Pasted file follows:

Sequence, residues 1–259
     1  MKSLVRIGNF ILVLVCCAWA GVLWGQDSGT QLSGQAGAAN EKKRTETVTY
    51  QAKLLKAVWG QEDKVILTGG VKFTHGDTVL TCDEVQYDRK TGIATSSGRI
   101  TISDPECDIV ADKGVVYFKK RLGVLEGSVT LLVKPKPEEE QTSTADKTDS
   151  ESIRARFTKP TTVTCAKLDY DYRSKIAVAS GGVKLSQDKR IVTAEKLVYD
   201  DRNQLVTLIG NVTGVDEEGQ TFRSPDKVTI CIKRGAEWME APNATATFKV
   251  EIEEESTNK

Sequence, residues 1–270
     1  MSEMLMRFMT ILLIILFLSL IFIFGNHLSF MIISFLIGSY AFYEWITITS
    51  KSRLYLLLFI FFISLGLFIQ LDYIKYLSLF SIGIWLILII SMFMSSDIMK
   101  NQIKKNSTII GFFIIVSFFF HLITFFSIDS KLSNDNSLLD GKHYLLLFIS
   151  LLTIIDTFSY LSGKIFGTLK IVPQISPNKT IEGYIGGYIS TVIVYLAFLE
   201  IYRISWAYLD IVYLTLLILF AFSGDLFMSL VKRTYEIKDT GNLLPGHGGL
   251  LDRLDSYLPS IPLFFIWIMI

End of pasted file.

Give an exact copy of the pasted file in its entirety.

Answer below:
Sequence, residues 1–259
     1  MKSLVRIGNF ILVLVCCAWA GVLWGQDSGT QLSGQAGAAN EKKRTETVTY
    51  QAKLLKAVWG QEDKVILTGG VKFTHGDTVL TCDEVQYDRK TGIATSSGRI
   101  TISDPECDIV ADKGVVYFKK RLGVLEGSVT LLVKPKPEEE QTSTADKTDS
   151  ESIRARFTKP TTVTCAKLDY DYRSKIAVAS GGVKLSQDKR IVTAEKLVYD
   201  DRNQLVTLIG NVTGVDEEGQ TFRSPDKVTI CIKRGAEWME APNATATFKV
   251  EIEEESTNK

Sequence, residues 1–270
     1  MSEMLMRFMT ILLIILFLSL IFIFGNHLSF MIISFLIGSY AFYEWITITS
    51  KSRLYLLLFI FFISLGLFIQ LDYIKYLSLF SIGIWLILII SMFMSSDIMK
   101  NQIKKNSTII GFFIIVSFFF HLITFFSIDS KLSNDNSLLD GKHYLLLFIS
   151  LLTIIDTFSY LSGKIFGTLK IVPQISPNKT IEGYIGGYIS TVIVYLAFLE
   201  IYRISWAYLD IVYLTLLILF AFSGDLFMSL VKRTYEIKDT GNLLPGHGGL
   251  LDRLDSYLPS IPLFFIWIMI